Rights are hard to locate. One man’s rigorous beliefs in his “cultural” assertion are another woman’s confinement and destitution. The rights of a nation, of a people, run against the path of development chosen by a state. The rights of a majority community overshadow the rights of a minority. The rights of those who are incapacitated or challenged are questioned by those who are described as “normal.” One man’s right to luxury runs a collision course with another man’s tryst with survival.
Rights are for those who have power. Those who have the muscle — the guns, the money and the connections to weave in and out and play games with the tenets of civil law and the ideals of a perfect and fair society, as laid out originally by a band of constitutionalists with dream in their eyes.
Rights are there for journalists who distort, provoke and vitiate hatred by planting misleading stories that are pernicious and provocative and rights are not there for journalists who want to tell the truth, to expose inequality. Rights are there for policemen to plead self-defence after killing kids for playing in the park and not for the families of immigrant communities whose neighbourhoods remain encrusted with blight and neglect and lack of facilities. This is the way it has been. Rights are defined by the interest you represent. The interests that emanate essentially from economic clout or the lack of them, as the case maybe. Rights are incipient to the conflict between the haves and the have nots. Between the powerful and rich and the poor and destitute. Between the articulate, educated, noisy and the soft-spoken, resolute and less strident. That is why rights are all about class roots. And cultural differentials cover up everything else. The overlays, the distractions and the disconnect begin! The relational vectors that launch out in different directions as opposed to the mean resolution to overcome poverty and powerlessness. The irrelevance of the price of tea in China is what it sounds like when the question of rights is divorced from any discussion on poverty!
There are civil and equal rights and then there are human rights. The right to survive, to live, comes before even the right to constitutional access. Where there are no human rights, civil rights is a far cry. The demand for rights are relative. The rights of people in Burkina Faso and the rights of people in Yonkers, NY. The only common denominator is poverty. The source!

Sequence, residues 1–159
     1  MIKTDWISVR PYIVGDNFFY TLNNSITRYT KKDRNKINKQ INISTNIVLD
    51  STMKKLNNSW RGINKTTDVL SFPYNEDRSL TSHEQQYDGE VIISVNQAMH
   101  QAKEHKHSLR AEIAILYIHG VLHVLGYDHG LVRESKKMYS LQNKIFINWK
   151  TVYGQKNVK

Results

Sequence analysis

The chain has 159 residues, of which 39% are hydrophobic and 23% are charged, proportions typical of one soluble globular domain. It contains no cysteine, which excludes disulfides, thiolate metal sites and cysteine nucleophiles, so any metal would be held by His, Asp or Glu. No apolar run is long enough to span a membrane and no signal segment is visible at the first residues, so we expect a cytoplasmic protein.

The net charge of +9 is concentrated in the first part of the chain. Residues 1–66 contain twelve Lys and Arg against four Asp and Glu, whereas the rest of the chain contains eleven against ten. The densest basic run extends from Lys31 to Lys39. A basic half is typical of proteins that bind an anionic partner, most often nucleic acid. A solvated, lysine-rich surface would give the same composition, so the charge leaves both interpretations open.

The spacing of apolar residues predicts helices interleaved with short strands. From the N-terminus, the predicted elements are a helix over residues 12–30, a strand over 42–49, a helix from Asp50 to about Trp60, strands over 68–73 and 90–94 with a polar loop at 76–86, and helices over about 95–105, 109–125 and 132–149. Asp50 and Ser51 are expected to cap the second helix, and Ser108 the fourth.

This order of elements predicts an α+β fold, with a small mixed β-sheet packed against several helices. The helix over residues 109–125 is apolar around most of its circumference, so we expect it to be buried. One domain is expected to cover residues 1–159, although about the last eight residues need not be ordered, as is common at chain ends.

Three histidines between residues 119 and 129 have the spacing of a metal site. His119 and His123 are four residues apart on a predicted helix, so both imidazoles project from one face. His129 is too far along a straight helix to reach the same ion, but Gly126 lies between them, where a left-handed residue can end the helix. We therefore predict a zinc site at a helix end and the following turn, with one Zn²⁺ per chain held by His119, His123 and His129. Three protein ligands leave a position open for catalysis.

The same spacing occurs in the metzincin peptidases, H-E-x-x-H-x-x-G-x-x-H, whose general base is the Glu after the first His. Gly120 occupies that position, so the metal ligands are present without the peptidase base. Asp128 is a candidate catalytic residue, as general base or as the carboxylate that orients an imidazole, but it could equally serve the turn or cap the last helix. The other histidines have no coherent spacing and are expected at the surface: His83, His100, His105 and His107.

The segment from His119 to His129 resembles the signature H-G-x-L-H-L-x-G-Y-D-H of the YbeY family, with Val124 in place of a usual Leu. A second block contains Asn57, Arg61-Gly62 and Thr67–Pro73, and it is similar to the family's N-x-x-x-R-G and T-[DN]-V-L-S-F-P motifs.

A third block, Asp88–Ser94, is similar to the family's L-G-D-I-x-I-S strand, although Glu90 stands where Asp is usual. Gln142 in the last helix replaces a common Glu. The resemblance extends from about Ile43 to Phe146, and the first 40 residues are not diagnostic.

In the last two weeks I have been in New York and Mumbai. Travelling on trains and planes over and past slums, ghettoes and run down neighbourhoods. Two cities, where blight is cloaked by tales of terror that invoke warmongering aggressiveness.
When you want to describe poverty, you have to travel by it by train. Because trains, as we all know, never go through the neighbourhoods of the well-endowed or pass through the backyards of households that have graded, stepped lawns, households that have butlers and cooks who announce the menu before each meal with a dash of Spanish, Italian or French thrown in demurely. Trains move through abandoned, neglected and forlorn neighbourhoods and dark and dreary underpasses, where blight, collapsing balconies, tin sheds, abandoned container yards and rustic town facades duel with splendidly colourful graphiti-ed walls and children chasing each other behind broken bottle-strewn backyards and cabins with plastic sheeted windows. No I am not travelling the Sealdah railways station corridor, in West Bengal India, but taking an Amtrak to New York along the Hudson from Montreal. Town after town streams by or comes to a screeching halt under the wheels of the Bombardier-made train as one or two passengers get in or get off with their duffel bags and backpacks, mostly students headed for the big city further down south.
And a week later, the sun has not come up yet in Mumbai and I am driving from the airport to my hotel. This is one week after the carnage. There is a huge pile of uncollected garbage on top of a cement platform. It is very large. The platform. On its other side, rows of people are lying down. Not a stir. A large rodent wobbles out of the pile and moves slowly towards the feet of one of the sleepers. My cab slows down in Mumbai and I feel the train slowing down as it approaches Saratoga Springs. Here are signs that the cars are in better shape at the station parking lot and therefore there are some signs of affluence. More students are seen off by parents who are still clinging on to their SUVS. In the dark, I can see a man slumped on a bench. Further up, I reach my hotel in Mumbai and a long stream of Mercedes Benzes are lined up and smartly dressed security personnel are running metal detectors over everybody. Rights, you ask? It cuts a swathe through all nations, but poverty is what decides who has it and who does not.